“Boots should feel comfortable from the moment you put them on,” says Julie Crawford of Ariat. Work boots are a new line for the company, but it has proved itself since it began producing performance equestrian boots 25 years ago and then turned to western boots and clothing. “Boots are the best investment you can put on your body,” says Crawford. ”They’ll help you work every day in all conditions.”


Boot construction affects the support boots can give you and their longevity. A thin rubber or synthetic outsole and a light, cushioning EVA (ethylene-vinyl acetate, a rubber-like material) midsole cemented directly to the upper allows for the lightest type of work boot, whether or not they have protective toecaps. They are the most affordable type but they’re not the most durable.

For heavier work conditions, midsoles can be injected or molded into outsoles. Boots with this construction are sturdier and the sole is less likely to separate from the upper than the lighter EVA midsole type.

For heavy-duty safety boots, Goodyear welting is the strongest, most durable construction system. The outsole is stitched to the upper with an extra strip of leather or synthetic material. The extra labour and materials makes these boots heavier and more costly but they last longer than lighter, more flexible boots. They are tough and supportive, and they can be repaired.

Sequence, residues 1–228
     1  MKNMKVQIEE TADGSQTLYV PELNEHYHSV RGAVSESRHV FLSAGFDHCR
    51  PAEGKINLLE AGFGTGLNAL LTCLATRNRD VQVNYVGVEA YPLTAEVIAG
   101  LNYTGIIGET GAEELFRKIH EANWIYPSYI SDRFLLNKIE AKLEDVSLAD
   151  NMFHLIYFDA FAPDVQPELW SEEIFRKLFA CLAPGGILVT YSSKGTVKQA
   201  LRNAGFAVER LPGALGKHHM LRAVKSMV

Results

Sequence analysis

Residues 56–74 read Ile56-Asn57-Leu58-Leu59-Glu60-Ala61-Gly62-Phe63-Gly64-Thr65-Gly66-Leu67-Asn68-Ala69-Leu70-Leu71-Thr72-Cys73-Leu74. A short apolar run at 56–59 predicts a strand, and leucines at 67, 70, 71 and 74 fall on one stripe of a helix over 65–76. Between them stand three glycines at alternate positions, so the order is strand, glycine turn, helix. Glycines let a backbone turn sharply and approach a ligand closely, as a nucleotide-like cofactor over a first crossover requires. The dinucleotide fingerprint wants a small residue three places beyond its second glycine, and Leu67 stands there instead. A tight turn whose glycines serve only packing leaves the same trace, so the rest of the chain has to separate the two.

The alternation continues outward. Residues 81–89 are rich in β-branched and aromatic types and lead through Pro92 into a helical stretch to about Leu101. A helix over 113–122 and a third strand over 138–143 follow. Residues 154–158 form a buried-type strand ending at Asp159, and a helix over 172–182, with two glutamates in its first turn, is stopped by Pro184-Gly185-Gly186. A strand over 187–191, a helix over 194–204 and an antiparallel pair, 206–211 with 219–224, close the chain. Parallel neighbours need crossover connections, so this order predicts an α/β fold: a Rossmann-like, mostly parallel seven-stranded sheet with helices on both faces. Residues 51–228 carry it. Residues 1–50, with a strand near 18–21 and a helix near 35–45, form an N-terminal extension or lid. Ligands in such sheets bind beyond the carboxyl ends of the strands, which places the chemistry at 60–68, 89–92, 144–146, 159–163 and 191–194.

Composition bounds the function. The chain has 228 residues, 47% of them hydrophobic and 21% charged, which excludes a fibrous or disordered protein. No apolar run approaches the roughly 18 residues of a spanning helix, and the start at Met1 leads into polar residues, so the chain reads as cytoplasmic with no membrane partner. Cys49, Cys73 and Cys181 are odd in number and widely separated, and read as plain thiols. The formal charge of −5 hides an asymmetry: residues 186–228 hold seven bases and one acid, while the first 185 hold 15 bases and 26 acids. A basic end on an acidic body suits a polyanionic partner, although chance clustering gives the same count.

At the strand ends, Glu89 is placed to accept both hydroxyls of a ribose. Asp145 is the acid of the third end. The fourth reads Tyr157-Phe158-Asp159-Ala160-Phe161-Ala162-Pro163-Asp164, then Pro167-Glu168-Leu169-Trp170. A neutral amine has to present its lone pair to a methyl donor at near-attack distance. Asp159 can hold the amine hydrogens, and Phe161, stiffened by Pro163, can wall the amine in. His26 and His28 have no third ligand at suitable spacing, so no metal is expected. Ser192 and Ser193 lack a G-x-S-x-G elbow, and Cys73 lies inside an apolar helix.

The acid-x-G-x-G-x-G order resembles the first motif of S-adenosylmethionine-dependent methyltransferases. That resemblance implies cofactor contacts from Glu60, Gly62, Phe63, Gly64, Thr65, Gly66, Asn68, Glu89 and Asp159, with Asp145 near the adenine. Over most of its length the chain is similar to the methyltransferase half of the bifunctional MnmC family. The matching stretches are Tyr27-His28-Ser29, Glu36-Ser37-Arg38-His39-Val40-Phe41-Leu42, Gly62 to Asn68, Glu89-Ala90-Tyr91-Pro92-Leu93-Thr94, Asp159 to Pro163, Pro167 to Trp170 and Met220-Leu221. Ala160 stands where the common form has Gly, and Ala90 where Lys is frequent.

Socks can make a world of difference to your comfort. You can buy tube socks so cheap you can treat them as disposable, but there are advantages to high-end socks – especially for work.

Choose socks for your boot height to keep the cuffs from rubbing on your legs or ankles. Thicker socks give more cushioning and more warmth. They can also help roomy boots fit better. If you are expending lots of energy, medium weight socks can be most comfortable. Don’t look at the price first, look at the fabric content. Each type has pros and cons. Most socks are made of a blend of fabrics to combine the advantages of each.

Cotton is the least cost option and works fine if you’re not on your feet much but cotton soaks up perspiration. Combining wet skin and friction leads to blisters. Damp socks and winter are a miserable combination and even in summer cotton socks can bunch up in your boots.

Merino wool, sometimes called Smartwool, is the most recommended sock material – once you’ve overcome the sticker shock. It’s naturally cushioning, comfortable year-round, doesn’t itch, keeps your feet dry and is naturally antimicrobial so it retains smells less. Athletes often choose pure merino socks but blends with a high percentage of merino wool can be a great choice for durable comfort and performance.

Acrylic is a versatile material that dries fast and gives good cushioning. It has some of the advantages of merino but costs less. Polyester insulates, wicks moisture and dries quickly. It blends well with wool for a good combination of warmth, comfort, durability and fast drying. Nylon adds durability and strength to blends, but too much can be sweaty. Small amounts, 2 to 5%, of Elastane, Spandex or Lycra are added to other fabrics so socks fit and stay in place.

Socks should fit snugly but not cramp your toes or leave wrinkles. The heel and arch areas should be snug and in the right places. Seams should be flat and not rub. Cushioning, especially under the ball of your foot and heel, adds comfort.